Tags

, , ,

This photo provided by the NOAA Okeanos Explorer Program shows oxidized copper hull sheathing and possible draft marks visible on the bow of wrecked ship in the Gulf of Mexico about 170 miles from Galveston, Texas.

This photo provided by the NOAA Okeanos Explorer Program shows oxidized copper hull sheathing and possible draft marks visible on the bow of wrecked ship in the Gulf of Mexico about 170 miles from Galveston, Texas.

(Huffington Post)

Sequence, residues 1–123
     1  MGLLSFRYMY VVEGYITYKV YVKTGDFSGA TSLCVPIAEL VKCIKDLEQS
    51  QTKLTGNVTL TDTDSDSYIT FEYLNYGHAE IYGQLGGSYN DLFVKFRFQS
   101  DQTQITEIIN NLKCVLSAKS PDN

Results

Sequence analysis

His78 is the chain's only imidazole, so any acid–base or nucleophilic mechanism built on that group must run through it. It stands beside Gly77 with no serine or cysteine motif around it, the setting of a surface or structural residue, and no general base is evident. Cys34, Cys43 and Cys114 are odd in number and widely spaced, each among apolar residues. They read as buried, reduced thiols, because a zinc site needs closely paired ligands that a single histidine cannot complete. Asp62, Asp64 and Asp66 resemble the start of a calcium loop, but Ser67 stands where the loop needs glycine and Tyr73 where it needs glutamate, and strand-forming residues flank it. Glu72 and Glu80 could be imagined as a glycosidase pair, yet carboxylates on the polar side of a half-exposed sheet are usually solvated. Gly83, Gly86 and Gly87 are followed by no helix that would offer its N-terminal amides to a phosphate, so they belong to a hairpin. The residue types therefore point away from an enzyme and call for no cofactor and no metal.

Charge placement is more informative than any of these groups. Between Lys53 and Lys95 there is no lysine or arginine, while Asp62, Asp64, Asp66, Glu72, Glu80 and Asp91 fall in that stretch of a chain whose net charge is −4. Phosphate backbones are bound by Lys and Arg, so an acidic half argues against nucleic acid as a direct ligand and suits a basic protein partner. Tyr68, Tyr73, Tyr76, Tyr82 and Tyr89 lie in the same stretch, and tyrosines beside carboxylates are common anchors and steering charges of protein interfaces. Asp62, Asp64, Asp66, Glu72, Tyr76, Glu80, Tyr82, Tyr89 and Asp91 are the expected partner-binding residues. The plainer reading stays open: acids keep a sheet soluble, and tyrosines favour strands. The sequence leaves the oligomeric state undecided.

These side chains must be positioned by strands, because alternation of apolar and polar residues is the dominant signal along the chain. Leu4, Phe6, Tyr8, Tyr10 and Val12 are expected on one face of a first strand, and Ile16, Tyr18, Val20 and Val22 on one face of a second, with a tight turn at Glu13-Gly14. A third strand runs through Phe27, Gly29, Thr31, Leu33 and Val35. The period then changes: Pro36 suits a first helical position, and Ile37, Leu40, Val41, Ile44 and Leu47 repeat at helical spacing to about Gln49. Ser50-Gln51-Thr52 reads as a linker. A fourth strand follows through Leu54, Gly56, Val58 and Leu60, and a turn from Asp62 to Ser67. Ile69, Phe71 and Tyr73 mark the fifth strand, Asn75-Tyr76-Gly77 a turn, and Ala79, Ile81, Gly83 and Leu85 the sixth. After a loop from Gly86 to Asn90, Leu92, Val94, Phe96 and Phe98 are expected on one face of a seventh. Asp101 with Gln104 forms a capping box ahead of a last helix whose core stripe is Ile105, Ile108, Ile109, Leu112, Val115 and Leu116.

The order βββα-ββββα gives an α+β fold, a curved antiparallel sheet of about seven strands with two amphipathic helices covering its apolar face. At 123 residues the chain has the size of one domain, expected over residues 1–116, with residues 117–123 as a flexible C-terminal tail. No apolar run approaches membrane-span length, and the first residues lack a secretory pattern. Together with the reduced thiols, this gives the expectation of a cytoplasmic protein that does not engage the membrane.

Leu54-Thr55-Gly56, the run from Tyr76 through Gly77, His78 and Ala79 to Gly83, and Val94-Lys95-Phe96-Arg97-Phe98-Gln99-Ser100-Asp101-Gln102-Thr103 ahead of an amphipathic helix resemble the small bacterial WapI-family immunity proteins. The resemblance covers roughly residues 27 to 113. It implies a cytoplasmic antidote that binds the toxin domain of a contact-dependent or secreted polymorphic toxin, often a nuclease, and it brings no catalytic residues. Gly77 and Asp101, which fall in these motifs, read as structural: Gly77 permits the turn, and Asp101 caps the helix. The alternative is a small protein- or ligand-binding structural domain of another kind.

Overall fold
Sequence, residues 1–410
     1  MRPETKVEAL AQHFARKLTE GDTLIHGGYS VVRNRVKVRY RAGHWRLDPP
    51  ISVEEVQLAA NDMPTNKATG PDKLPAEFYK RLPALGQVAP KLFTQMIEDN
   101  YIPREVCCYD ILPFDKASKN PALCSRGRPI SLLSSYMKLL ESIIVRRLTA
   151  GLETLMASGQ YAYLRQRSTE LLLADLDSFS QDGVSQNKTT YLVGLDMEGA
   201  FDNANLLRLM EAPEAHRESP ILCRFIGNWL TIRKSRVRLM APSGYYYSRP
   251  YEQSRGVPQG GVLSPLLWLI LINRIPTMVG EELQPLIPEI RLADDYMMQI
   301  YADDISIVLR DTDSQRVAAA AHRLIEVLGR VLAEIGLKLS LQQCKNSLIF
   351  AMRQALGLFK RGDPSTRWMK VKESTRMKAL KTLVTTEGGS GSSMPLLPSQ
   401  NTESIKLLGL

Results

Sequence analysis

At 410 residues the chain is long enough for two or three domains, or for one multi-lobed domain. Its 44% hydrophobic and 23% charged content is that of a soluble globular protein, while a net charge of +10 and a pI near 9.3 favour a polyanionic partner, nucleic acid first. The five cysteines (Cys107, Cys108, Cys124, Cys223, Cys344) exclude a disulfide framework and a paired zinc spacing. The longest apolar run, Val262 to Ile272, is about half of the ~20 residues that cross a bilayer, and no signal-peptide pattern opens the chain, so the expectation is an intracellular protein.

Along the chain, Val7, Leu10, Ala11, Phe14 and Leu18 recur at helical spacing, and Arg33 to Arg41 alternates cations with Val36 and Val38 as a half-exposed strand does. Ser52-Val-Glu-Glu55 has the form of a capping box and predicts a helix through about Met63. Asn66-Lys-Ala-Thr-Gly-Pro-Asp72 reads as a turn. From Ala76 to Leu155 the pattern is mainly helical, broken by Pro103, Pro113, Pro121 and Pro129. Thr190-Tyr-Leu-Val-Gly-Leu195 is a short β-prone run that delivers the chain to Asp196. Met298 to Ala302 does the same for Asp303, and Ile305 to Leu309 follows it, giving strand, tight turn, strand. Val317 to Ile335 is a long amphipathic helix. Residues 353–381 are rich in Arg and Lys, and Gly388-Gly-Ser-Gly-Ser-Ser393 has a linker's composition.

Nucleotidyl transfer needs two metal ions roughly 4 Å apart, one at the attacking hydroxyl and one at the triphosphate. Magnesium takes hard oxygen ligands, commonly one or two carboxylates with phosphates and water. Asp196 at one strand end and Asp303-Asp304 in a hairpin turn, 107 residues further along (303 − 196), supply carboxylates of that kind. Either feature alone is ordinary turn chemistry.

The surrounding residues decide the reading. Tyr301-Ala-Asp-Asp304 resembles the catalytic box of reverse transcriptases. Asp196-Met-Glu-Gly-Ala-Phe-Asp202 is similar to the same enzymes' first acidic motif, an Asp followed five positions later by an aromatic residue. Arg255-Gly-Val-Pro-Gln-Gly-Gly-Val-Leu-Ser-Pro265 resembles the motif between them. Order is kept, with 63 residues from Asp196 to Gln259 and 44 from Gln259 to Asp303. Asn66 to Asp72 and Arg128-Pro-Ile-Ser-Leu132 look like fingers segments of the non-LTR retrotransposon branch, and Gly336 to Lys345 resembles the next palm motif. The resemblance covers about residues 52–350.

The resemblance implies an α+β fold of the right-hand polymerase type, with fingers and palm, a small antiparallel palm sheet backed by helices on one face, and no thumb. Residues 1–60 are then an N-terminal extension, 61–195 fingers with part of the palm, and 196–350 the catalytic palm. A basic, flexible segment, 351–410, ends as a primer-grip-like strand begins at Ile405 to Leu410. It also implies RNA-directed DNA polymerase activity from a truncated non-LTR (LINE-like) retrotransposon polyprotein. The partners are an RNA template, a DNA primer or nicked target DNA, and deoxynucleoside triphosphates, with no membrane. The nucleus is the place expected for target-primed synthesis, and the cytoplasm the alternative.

GALVESTON, Texas — Marine archaeologists made a thrilling discovery this week while examining a well-preserved shipwreck deep in the Gulf of Mexico – two other sunken vessels that likely went down with it during an early 19th century storm.
Much isn’t known about the ships, including the flag or flags they sailed under and the year they sank about 170 miles southeast of Galveston. They came to rest 4,363 feet, or nearly three-quarters of a mile, below the surface, making them the deepest Gulf or North American shipwrecks to have been systematically investigated by archaeologists, the researchers said.

Read more –>

Advertisements